- Removing barriers to government-backed loans for entrepreneurs. In September, the SBA proposed a rule that would help expand access to SBA loan programs for people with certain criminal history records. One in three American adults has a criminal record, and these people identify employment as their most urgent need, but most significant obstacle. Once finalized, the proposed rule would expand access to capital for entrepreneurs with certain criminal records by expanding eligibility and removing barriers to SBA’s loan and surety bond programs.
- Providing opportunities to easily increase lending to underserved businesses. On May 12, 2023, SBA initiated a program to enable Community Advantage Pilot Program Lenders to become Small Business Lending Companies (SBLCs). The pilot loan program assists small business borrowers in underserved markets who have historically been excluded from conventional business financing due to systemic barriers, among other factors. SBA transitioned a total of 143 Pilot Lenders to SBLCs. The Community Advantage lenders that transitioned to SBLC status account for 99.8% of the total Community Advantage loan portfolio. In FY 23, Community Advantage lenders grew their SBA lending by 23% compared to FY22 for a total of $141.3 million for nearly 800 small businesses — demonstrating the impact of expanding capital access in underserved communities.
- Awarding energy innovators in underserved communities. The Department of Energy’s (DOE) Inclusive Energy Innovation Prize, which supports clean energy innovation efforts in underserved communities, made $1.5 million in awards to winning teams in Alaska, Louisiana, New York, Oregon, Puerto Rico, and Washington this year. The award winners received $250,000 respectively for workforce development efforts, entrepreneurship, and relevant efforts to support the clean energy transition. This program is a key part of the Department’s commitment to the Justice40 initiative, where 40% of overall benefits from federal investments in clean energy flow to disadvantaged communities.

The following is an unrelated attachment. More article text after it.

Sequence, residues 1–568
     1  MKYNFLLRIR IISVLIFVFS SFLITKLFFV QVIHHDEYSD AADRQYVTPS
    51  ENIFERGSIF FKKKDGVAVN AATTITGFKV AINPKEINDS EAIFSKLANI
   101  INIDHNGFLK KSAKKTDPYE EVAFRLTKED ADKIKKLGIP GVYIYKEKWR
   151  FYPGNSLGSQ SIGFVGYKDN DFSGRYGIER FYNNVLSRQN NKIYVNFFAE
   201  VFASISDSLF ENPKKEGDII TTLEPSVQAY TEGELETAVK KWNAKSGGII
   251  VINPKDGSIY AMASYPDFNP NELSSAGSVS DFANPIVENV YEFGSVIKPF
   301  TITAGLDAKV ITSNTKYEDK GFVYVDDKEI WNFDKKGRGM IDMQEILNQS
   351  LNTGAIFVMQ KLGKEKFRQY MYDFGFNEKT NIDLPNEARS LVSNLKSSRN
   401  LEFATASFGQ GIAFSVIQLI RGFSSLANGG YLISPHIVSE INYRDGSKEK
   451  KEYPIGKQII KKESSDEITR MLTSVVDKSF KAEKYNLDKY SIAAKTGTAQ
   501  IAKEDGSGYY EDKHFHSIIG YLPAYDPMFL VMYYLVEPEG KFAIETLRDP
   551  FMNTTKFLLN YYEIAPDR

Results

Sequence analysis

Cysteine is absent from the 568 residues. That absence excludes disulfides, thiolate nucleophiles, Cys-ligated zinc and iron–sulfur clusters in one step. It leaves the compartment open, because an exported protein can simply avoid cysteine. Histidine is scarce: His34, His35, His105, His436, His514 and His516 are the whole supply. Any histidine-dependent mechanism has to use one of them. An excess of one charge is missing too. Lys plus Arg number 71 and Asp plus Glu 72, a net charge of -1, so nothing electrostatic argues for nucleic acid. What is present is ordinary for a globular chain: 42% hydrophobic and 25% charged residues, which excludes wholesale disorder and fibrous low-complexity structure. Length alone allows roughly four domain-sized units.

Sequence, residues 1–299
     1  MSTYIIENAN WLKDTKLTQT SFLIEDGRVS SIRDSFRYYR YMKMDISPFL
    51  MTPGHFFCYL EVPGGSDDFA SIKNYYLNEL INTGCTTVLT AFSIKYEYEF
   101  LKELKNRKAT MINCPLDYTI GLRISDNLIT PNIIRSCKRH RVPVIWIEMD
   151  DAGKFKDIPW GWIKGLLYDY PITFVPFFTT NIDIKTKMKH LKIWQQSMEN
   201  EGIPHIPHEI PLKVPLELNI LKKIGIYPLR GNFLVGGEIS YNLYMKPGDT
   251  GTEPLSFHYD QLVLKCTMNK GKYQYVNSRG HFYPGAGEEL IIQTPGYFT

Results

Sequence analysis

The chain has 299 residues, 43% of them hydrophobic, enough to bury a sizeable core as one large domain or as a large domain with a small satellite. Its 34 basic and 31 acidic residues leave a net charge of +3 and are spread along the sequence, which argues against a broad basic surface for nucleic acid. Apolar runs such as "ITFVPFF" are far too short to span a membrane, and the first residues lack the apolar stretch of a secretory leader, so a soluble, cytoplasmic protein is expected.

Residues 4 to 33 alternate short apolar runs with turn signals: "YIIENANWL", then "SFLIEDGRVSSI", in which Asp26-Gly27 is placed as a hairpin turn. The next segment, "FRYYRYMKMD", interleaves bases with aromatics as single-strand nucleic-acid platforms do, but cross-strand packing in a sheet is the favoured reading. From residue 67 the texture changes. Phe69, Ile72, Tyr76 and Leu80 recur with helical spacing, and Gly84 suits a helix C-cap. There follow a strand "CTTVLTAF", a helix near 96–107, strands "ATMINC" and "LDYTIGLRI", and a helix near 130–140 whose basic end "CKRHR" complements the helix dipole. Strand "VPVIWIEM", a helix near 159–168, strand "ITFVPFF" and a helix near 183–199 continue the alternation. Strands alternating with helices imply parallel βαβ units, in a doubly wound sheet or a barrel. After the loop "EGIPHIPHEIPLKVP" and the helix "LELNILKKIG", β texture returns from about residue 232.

- Connecting minority-owned businesses to the federal innovation ecosystem. The DOE and U.S. Patent and Trade Office (PTO) announced a new commitment to ensure minority-owned businesses can navigate the innovation ecosystem more effectively. Their work will promote technical assistance and education, and promote data-driven policies in support of improving the United States’ energy supply chain. The Department of Energy and U.S. PTO will share and leverage resources to improve minority businesses’ access to the energy industries and their subsectors.
- Expanded federal coordination on community investments with climate and clean energy programs. Community voices requested an expansion of the agencies participating in the Interagency Community Investment Committee (ICIC) to account for the Administration’s historic climate and environmental programs. Based on this feedback, the EPA and DOE joined the ICIC in July. Their representation on the Committee will improve the coordination of federal community investment programs and increase the flow of resources to underserved communities under the Administration’s climate priorities. This will help guide the successful implementation of historic programs such as the GGRF and maximize the positive impact for communities that have historically been left behind.